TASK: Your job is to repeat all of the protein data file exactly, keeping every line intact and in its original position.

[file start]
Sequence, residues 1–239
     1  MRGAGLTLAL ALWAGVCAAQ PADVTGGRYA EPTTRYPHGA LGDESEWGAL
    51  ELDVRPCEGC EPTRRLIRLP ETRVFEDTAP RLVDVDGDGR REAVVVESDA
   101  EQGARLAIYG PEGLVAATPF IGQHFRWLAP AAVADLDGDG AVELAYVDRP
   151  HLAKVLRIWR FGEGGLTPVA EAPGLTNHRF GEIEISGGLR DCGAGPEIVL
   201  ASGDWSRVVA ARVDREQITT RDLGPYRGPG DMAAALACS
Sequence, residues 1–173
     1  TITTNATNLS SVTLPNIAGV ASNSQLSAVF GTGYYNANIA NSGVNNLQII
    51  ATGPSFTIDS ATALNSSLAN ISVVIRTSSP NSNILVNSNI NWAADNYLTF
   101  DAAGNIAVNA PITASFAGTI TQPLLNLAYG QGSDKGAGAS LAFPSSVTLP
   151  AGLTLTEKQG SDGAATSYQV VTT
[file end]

Sequence, residues 1–239
     1  MRGAGLTLAL ALWAGVCAAQ PADVTGGRYA EPTTRYPHGA LGDESEWGAL
    51  ELDVRPCEGC EPTRRLIRLP ETRVFEDTAP RLVDVDGDGR REAVVVESDA
   101  EQGARLAIYG PEGLVAATPF IGQHFRWLAP AAVADLDGDG AVELAYVDRP
   151  HLAKVLRIWR FGEGGLTPVA EAPGLTNHRF GEIEISGGLR DCGAGPEIVL
   201  ASGDWSRVVA ARVDREQITT RDLGPYRGPG DMAAALACS
Sequence, residues 1–173
     1  TITTNATNLS SVTLPNIAGV ASNSQLSAVF GTGYYNANIA NSGVNNLQII
    51  ATGPSFTIDS ATALNSSLAN ISVVIRTSSP NSNILVNSNI NWAADNYLTF
   101  DAAGNIAVNA PITASFAGTI TQPLLNLAYG QGSDKGAGAS LAFPSSVTLP
   151  AGLTLTEKQG SDGAATSYQV VTT